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Jerome Powell to rip old Fed playbook as bond investors brace for volatile price swings

Fed Chair Jerome Powell on Wednesday said policymakers will take a “humble” and “nimble” approach toward raising interest rates to tame the fastest inflation in four decades, signaling a potential willingness to rip up the old policy-tightening playbook that many traders had come to expect. 

That’s left Treasury-bond investors bracing for a period of volatile price swings, with analysts poised to sift through each new bit of data for clues about the Fed’s path at a time of unusually high economic uncertainty. 

“The markets are currently apprehensive given this uncertain period with many moving parts: the labor market, inflation, virus, the Fed, geopolitical risks, politics,” said Nancy Davis, chief investment officer at Quadratic Capital Management. “It is unclear if tightening rates will be enough to keep inflation under control given the supply chain disruptions and labor market.”

Powell rattled the markets Wednesday, when he said the bank is likely to start raising rates in March and opened the door to more frequent and potentially larger hikes than anticipated. His comments sparked a sharp rise in policy-sensitive Treasury yields, driving those on two-year notes up to as much as 1.2% from around 0.7% at the start of the year. 

Some hedge funds and traders betting on shifts in the shape of the yield curve were caught by surprise, forced to exit with sharp losses in the past week. And a closely watched measure of expected Treasury volatility is heading back toward last year’s highs. 

Powell has “refused to commit to the kind of step-by-step gradualism that accompanied the last two rate-hiking cycles,” Michael Darda, chief economist at MKM Partners, wrote in a note. “Markets like certainty and continuity and both have been summarily rug-pulled.”

The markets are now pricing in roughly five quarter-point rate hikes for this year, up from three such shifts anticipated in late December. Bank of America Corp.’s economists are among those who expect a more aggressive path, predicting that the Fed will raise rates at each of its seven remaining meetings this year. 

Another wild card: the potential for the Fed to start off with a 50-basis-point move in March, the kind of tightening last seen when the overnight rate peaked in 2000.

“A 50 basis point hike in March is not out of the question,” said John Brady, a managing director at R.J. O’Brien, a futures broker in Chicago, noting how deeply negative inflation-adjusted, or real, interest rates are. “Shifting the real funds rate to -6.5% from -7% is not going to break the economy, and it may in fact help risk assets by reinforcing the Fed’s credibility on inflation.”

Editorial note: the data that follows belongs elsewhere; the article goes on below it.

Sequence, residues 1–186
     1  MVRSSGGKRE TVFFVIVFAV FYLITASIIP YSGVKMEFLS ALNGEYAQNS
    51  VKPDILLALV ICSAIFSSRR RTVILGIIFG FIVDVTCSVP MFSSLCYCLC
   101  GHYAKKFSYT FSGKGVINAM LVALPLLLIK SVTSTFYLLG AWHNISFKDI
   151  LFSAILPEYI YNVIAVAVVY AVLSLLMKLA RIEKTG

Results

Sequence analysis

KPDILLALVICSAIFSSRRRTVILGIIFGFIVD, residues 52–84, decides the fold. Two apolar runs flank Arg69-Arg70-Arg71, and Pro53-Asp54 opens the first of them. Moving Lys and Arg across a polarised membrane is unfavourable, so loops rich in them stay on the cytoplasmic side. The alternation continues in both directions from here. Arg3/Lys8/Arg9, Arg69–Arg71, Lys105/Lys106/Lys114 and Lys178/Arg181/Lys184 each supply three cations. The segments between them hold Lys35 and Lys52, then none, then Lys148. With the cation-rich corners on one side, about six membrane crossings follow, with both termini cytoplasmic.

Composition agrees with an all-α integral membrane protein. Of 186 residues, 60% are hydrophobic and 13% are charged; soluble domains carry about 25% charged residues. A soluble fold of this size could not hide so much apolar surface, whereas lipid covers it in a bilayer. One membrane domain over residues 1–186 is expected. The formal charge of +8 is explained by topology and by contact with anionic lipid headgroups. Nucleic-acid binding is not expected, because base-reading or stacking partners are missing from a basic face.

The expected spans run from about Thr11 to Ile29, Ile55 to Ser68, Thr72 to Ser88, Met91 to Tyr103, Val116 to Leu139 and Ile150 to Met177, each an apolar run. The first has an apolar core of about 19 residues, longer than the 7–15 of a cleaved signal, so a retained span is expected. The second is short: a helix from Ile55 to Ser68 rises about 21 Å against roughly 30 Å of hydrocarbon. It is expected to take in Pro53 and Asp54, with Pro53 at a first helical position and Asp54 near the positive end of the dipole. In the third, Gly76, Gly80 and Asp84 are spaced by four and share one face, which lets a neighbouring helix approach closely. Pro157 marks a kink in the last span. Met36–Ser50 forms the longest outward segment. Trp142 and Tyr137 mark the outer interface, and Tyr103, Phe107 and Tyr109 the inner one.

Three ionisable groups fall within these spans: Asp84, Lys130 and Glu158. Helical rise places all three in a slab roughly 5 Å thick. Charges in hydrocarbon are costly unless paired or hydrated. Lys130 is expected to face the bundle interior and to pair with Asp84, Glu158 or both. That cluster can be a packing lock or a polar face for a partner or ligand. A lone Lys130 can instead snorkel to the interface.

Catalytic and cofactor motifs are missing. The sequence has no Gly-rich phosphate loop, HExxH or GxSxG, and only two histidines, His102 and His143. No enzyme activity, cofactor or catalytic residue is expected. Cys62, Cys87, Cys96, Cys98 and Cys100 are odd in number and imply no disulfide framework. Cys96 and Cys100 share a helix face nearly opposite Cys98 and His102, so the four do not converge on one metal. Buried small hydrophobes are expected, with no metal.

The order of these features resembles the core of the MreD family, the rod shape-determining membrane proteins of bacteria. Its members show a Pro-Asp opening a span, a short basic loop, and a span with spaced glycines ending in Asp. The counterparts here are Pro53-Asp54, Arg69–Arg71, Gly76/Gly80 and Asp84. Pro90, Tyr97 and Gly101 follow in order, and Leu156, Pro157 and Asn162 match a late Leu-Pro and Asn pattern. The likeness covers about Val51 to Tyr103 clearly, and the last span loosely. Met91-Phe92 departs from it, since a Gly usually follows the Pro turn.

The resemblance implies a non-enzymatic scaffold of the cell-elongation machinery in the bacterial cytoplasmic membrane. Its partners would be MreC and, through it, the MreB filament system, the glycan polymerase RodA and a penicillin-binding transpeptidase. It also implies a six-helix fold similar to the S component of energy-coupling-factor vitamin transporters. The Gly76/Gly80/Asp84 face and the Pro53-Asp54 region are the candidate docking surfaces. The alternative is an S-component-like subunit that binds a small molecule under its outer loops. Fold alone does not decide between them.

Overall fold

There’s likely to be little near-term certainty given that the next central bank meeting isn’t until mid-March. The January employment report due on Friday will be closely watched for signs of whether wage pressures are accelerating as employers struggle to fill job vacancies. Average hourly earnings are forecast to have risen 5.2% over the past year, well above the 2019 pace of around 3.5%. 

“The Fed is doing what they need to do after a 7% inflation print,” said Jason Pride, chief investment officer for private wealth at the Glenmede Trust Co. “They need to go hard. They don’t have a choice. By jawboning the economy and the market they are hoping that in time it will reduce the need to tighten policy.”

Among the important events for the bond market in the coming week is the Treasury debt refunding announcement on Wednesday, when it will reveal the scale of its upcoming bond offerings. Dealers are widely expecting Treasury to cut longer-term nominal debt sales.

Another source of uncertainty is the Fed’s plan to shrink its nearly $9 trillion stockpile of assets by not buying new Treasury and mortgage bonds when old ones mature, a shift expected later this year after it starts raising rates. It’s possible that the Fed could use that to drive up longer-term interest rates. The difference between five- and 30-year yields has narrowed to less than half a percentage point, which apart from the bout of extreme volatility in March 2020, is the flattest since the start of 2019. Those 30-year yields are at a level that’s seen as too low to significantly slow the economy and the hot housing market. 

“There is a need to shift the entire curve higher in order to tighten financial conditions,” said Gregory Faranello, head of U.S. rates trading at AmeriVet Securities. “A challenge for the Fed is that a flattening yield curve will prompt recession calls, and optically that is not good for them.”

Beyond the current market swings, there’s the potential for a steeper selloff once the Fed has a couple of hikes in place and the balance sheet is starting to shrink, he said. “If inflation is not co-operating, once the Fed has tightened a few times, the market will need to reprice.”

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